Overview of accessible math

Saturday, December 9, 2006 - 2:30pm - 3:00pm
EE/CS 3-180
Neil Soiffer (Design Science, Inc.)
Computers and the internet have been a boon to those with visual disabilities. Screen readers and other assistive technology provide access to information that would have previously been inaccessible to these individuals. While access to mathematical information is harder to access than textual information, significant work has been done to make math accessible.

There are several US and international laws that impose legal mandates on accessible material. These mandates provide an economic incentive for researchers and businesses to provide accessible solutions. These mandates are based on standards such as DAISY, and use MathML to encode math.

Mathematical expressions have been a focus for math accessibility solutions, and much of this work uses MathML:

  • MathPlayer works with screen readers to speak math in IE. It also allows for magnification and navigation of expressions, and provides synchronized highlighting.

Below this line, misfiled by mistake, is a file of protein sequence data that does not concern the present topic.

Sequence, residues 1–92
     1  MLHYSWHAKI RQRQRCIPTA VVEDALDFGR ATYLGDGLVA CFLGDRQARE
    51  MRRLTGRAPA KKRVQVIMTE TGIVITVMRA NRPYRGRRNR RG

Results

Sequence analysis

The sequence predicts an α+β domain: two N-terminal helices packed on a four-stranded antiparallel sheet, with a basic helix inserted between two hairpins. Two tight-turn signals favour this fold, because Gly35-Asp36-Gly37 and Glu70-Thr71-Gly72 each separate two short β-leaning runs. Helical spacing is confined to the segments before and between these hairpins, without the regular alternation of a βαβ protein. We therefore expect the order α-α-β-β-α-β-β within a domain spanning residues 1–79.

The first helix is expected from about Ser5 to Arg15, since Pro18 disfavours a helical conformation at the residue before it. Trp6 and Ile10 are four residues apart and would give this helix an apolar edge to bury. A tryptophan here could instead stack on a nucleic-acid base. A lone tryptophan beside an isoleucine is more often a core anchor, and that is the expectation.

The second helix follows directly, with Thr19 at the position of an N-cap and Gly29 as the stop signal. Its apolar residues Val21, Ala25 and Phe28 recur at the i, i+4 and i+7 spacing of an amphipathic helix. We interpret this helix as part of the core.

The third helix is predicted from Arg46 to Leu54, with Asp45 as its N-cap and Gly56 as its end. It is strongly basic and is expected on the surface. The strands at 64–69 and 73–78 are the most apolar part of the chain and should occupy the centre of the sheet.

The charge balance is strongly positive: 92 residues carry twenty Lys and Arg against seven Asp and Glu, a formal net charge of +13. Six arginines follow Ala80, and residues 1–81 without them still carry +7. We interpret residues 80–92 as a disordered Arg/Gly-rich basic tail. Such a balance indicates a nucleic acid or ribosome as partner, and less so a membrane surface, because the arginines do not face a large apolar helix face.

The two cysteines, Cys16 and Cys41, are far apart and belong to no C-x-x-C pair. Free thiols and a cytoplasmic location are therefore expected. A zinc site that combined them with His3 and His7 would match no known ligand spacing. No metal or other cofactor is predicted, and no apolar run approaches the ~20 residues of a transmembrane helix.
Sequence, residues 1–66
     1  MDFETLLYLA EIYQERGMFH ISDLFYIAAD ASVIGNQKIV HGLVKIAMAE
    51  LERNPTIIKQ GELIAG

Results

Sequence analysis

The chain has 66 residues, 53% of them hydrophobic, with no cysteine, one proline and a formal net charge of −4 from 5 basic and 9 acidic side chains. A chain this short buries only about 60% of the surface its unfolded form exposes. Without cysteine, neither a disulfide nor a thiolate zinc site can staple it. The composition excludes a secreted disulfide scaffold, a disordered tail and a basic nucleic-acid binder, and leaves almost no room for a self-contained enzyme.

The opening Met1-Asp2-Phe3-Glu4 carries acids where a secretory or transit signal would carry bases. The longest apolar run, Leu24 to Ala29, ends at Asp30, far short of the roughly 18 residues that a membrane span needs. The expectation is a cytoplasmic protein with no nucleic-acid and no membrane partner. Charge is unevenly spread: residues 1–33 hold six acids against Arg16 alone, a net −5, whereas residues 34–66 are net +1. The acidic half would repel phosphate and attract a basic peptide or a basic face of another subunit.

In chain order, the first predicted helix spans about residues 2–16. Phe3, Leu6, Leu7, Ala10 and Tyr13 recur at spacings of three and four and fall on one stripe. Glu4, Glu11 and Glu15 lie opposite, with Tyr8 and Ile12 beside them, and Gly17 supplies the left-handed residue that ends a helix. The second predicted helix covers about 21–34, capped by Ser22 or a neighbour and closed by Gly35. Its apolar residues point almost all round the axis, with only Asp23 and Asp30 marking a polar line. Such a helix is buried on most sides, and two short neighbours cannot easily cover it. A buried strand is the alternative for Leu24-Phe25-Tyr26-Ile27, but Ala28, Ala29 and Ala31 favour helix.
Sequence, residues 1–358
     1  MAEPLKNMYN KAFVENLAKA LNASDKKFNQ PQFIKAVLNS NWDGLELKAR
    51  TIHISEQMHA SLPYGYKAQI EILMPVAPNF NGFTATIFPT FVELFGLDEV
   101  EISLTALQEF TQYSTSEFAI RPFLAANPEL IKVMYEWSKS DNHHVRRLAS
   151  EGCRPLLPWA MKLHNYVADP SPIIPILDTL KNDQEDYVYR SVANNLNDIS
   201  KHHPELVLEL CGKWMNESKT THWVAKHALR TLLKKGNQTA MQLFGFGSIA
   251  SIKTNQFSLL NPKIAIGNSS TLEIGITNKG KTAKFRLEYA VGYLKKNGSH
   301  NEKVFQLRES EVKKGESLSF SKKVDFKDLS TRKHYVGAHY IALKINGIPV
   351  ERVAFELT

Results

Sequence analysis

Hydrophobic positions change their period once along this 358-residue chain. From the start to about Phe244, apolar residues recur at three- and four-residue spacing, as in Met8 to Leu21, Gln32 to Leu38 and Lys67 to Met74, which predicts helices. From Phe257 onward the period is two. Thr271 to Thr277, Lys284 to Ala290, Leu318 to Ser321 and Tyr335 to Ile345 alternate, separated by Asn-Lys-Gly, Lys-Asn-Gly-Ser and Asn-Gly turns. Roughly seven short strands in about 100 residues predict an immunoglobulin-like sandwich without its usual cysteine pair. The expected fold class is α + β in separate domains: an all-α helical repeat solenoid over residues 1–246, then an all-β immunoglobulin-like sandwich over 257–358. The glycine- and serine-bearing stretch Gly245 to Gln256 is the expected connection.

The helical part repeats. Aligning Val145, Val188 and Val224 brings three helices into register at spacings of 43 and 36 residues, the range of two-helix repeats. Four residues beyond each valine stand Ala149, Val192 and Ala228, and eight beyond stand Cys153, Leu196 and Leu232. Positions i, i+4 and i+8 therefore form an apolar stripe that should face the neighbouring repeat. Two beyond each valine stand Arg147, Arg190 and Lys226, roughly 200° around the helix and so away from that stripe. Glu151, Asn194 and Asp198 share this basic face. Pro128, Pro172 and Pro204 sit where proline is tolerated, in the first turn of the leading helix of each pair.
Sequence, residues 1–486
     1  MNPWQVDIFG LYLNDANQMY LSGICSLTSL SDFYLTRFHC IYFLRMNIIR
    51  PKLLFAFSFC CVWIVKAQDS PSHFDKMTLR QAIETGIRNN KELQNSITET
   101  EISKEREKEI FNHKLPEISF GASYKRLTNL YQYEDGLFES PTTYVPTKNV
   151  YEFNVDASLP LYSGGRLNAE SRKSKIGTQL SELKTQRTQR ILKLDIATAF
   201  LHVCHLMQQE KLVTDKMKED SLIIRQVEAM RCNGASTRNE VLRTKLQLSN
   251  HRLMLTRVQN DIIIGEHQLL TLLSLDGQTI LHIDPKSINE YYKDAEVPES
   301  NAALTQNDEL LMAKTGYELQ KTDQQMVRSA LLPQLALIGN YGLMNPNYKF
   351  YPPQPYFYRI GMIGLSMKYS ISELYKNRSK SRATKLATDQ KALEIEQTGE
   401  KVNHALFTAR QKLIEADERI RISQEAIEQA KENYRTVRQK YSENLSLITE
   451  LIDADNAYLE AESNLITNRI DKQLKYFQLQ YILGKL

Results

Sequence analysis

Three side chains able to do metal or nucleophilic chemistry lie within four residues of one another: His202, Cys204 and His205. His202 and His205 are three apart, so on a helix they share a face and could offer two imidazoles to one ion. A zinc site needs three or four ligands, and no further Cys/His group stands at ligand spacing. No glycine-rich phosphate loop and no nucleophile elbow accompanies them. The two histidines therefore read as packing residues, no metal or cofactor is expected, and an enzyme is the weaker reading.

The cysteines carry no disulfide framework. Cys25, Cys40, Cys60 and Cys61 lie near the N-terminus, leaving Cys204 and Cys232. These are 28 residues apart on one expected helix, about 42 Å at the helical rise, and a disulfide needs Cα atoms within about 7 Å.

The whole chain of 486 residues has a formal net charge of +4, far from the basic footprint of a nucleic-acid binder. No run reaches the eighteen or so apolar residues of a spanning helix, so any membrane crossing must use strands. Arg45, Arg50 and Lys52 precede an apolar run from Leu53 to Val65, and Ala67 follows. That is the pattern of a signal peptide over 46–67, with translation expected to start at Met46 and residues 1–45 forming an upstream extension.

• MathSpeak provides similar features for digital talking books using their DAISY player.

  • Group UMA and the LAMBA project are working on two way Braille translators, and many efforts in the US have developed MathML-to-Nemeth code translators.

MathML is not designed to be directly authored. Two programs are focused on authoring/editing:

  • ChattyInfty is a self-voicing text and 2D math expression editor which can export to MathML and TeX.

  • WinTriangle is RTF-based and presents the expression in a quasi-linear format. WinTriangle maps onto TeX in a straightforward manner; it can also import and export MathML.

Beyond making mathematical expressions accessible, graphs and diagrams need to be made accessible. Solutions range from sonification of the graphs as done in the Accessible Graphing Calculator to tactile graphics via embossing printers or thermoform paper.

Because legacy documents are often not available in electronic formats, OCR techniques are important. InftyReader can read printed documents with math in them and convert them to XHTML+MathML or LaTeX.